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ลองค้นหาคำในรูปแบบอื่นๆ เพื่อให้ได้ผลลัพธ์มากขึ้นหรือน้อยลง: -wannabee-, *wannabee*
Possible hiragana form: わんなべえ
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Excuse me, wannabees, order up.ขอโทษนะสาวๆ มีออเดอร์ Latter Days (2003)

CMU English Pronouncing Dictionary

Japanese-English: EDICT Dictionary
予備軍[よびぐん, yobigun] (n) (1) reserves (esp. troops); reserve army; (2) potential members of some group (e.g. the elderly); people at risk (e.g. of a medical condition); wannabees [Add to Longdo]

Result from Foreign Dictionaries (2 entries found)

From WordNet (r) 3.0 (2006) [wn]:

      n 1: an ambitious and aspiring young person; "a lofty aspirant";
           "two executive hopefuls joined the firm"; "the audience was
           full of Madonna wannabes" [syn: {aspirant}, {aspirer},
           {hopeful}, {wannabe}, {wannabee}]

From The Jargon File (version 4.4.7, 29 Dec 2003) [jargon]:

   /won'@?bee/, n.
      (also, more plausibly, spelled wannabe) [from a term recently used to
      describe Madonna fans who dress, talk, and act like their idol; prob.:
      originally from biker slang] A would-be {hacker}. The connotations of this
      term differ sharply depending on the age and exposure of the subject. Used
      of a person who is in or might be entering {larval stage}, it is
      semi-approving; such wannabees can be annoying but most hackers remember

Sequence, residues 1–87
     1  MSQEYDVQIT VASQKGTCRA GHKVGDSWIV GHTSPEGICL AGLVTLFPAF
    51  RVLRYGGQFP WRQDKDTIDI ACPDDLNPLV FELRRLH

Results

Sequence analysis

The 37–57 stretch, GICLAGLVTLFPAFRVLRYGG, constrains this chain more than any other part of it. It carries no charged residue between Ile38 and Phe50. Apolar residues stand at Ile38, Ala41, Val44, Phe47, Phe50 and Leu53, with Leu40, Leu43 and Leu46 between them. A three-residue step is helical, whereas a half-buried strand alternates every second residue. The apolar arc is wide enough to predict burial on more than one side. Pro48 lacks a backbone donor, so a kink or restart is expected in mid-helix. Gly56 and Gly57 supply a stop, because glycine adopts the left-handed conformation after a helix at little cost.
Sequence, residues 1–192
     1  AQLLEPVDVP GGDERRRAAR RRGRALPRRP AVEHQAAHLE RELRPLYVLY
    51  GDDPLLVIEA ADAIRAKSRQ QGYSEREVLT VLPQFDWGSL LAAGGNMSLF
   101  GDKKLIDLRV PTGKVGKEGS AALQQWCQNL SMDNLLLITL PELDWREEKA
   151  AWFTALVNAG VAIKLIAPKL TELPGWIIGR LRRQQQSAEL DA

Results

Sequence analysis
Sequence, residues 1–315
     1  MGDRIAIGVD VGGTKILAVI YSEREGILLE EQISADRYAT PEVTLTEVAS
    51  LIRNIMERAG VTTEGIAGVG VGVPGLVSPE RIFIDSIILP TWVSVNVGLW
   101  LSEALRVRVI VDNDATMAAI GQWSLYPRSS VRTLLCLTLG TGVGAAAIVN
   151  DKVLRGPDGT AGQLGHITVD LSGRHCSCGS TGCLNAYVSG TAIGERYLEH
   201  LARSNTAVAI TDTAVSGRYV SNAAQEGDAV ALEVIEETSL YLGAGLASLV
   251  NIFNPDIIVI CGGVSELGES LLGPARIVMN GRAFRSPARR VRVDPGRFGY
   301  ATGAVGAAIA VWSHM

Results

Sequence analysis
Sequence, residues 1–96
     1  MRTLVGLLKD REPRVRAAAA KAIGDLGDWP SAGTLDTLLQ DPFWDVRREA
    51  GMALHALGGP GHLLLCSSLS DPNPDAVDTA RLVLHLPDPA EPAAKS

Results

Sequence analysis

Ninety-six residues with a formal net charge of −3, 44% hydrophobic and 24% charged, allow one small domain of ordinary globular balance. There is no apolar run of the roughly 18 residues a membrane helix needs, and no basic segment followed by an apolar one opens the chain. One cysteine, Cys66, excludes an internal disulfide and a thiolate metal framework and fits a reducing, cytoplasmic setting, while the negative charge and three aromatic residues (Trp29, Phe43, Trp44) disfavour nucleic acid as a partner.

that they, too, were once such creatures. When used of any professional
      programmer, CS academic, writer, or {suit}, it is derogatory, implying that
      said person is trying to cuddle up to the hacker mystique but doesn't,
      fundamentally, have a prayer of understanding what it is all about. Overuse
      of terms from this lexicon is often an indication of the {wannabee} nature.
      Compare {newbie}.
      Historical note: The wannabee phenomenon has a slightly different flavor
      now (1993) than it did ten or fifteen years ago. When the people who are
      now hackerdom's tribal elders were in {larval stage}, the process of
      becoming a hacker was largely unconscious and unaffected by models known in
      popular culture ? communities formed spontaneously around people who, as
      individuals, felt irresistibly drawn to do hackerly things, and what
      wannabees experienced was a fairly pure, skill-focused desire to become
      similarly wizardly. Those days of innocence are gone forever; society's
      adaptation to the advent of the microcomputer after 1980 included the
      elevation of the hacker as a new kind of folk hero, and the result is that
      some people semi-consciously set out to be hackers and borrow hackish
      prestige by fitting the popular image of hackers. Fortunately, to do this
      really well, one has to actually become a wizard. Nevertheless, old-time
      hackers tend to share a poorly articulated disquiet about the change; among
      other things, it gives them mixed feelings about the effects of public
      compendia of lore like this one.

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